Before I answer the question, a little terminology. Although many people say “sworn translation” and “traduction assementée”, the correct terms are “certified translation” and “traduction certifiée”. It’s the translator who is sworn or assermenté by the court, not the translation.
First, what exactly is a sworn translator (traducteur assermenté)?
In France, a sworn translator or “traducteur assermenté” is also an “expert judiciaire” and attached to either a Court of Appeal (Cour d’appel) or the Cour de Cassation (Court of Cassation or Final Court of Appeal). There is a second list of translators, known as the “liste du procureur ou TGI” but they are not “experts judiciaires” and mainly used for court work in rare languages.
How do you become a sworn translator?
To become a sworn translator, you must have French nationality and be able to prove that you are capable of translating any documents that may be required by the court, police authorities, etc. You do not have to be a professional translator but knowledge of the legal system in France and the countries in which your foreign language is spoken, is essential. The application process takes a year and candidates are approved by a council of sworn translators at the Appeal Court where the application is made.
There are two separate categories: translation (written) and interpretation (spoken). You can apply for one or the other or both and for just one language or several. Applications are submitted in January and the translators / interpreters are sworn in during December. The initial accreditation is for 3 years, followed by 5-year renewal periods, provided the translator/interpreter has fulfilled their obligations.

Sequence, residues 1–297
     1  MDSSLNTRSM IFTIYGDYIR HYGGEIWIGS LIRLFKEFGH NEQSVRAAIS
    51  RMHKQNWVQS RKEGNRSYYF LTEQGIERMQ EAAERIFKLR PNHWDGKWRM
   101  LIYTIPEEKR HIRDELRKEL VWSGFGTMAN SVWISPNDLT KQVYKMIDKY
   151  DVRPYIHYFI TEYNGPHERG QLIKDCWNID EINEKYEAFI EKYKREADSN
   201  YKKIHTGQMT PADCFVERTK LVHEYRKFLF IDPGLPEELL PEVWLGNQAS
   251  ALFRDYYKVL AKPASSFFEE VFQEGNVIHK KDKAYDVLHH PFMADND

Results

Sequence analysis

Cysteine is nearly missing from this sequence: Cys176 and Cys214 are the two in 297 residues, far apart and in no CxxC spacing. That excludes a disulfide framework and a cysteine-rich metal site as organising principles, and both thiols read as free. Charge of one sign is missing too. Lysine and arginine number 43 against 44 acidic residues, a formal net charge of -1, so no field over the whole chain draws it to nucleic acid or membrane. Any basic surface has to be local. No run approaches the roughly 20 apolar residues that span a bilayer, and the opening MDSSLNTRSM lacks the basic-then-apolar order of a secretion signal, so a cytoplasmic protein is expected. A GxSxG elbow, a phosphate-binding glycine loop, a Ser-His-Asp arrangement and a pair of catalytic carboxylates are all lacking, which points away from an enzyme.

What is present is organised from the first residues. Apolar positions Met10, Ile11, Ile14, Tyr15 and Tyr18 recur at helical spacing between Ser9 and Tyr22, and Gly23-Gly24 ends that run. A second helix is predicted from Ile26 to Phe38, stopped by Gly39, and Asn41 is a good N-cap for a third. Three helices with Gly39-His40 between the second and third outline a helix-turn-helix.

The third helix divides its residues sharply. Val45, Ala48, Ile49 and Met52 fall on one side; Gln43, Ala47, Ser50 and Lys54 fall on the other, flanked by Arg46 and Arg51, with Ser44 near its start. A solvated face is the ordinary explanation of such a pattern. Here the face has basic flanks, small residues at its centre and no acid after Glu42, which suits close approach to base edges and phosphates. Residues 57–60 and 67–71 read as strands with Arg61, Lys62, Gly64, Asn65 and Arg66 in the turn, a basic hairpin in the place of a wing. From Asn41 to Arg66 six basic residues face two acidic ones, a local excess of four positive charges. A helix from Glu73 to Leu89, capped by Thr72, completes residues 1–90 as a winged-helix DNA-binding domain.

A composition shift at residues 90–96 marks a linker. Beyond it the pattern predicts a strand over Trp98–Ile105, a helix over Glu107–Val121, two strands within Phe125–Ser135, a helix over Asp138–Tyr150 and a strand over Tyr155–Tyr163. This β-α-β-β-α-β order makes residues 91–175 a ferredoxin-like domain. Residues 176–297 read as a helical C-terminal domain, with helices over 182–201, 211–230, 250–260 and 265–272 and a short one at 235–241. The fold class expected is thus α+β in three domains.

How do you find a sworn translator?
You can find the list of sworn translators on the website of the Cour de Cassation: https://www.courdecassation.fr/informations_services_6/experts_judiciaires_8700.html Lists are available on other websites but they are mainly designed to offer translation services. You can use the services of a translator anywhere in France.
What are the rates for translations?
Rates for court translations and interpretations are strictly controlled (and not very well-paid).
There are no official rate recommendations concerning certified translations for private individuals. Rates are left entirely up to the translator.
Why do sworn translations always seem so expensive?
A sworn translator is like any other self-employed person in France. They have to pay social contributions in addition to overheads (computer, official stamp, colour printer, paper, envelopes, stamps, wifi connexion, office space, heating, etc.). Some translators have to charge value-added tax of 20%.
The Court also requires that sworn translators attend at least one training session a year.
The documents translated for private individuals vary enormously which makes it impossible to propose a “set rate” for most documents.
The most time-consuming part of many certified translations is the layout as the translation has to resemble the original insofar as possible. Once you have the templates in your computer, the translation itself may not take very long, but you need to accumulate a lot of templates. For example, there are at least 10 different UK birth certificates and the same number of French driver licences. There is a different birth certificate for each state of the United States, not to mention marriage certificates which often have a licence attached. Each state of Australia also has different documents. Driving licences and driving records vary considerably from one country to another and from one state to another.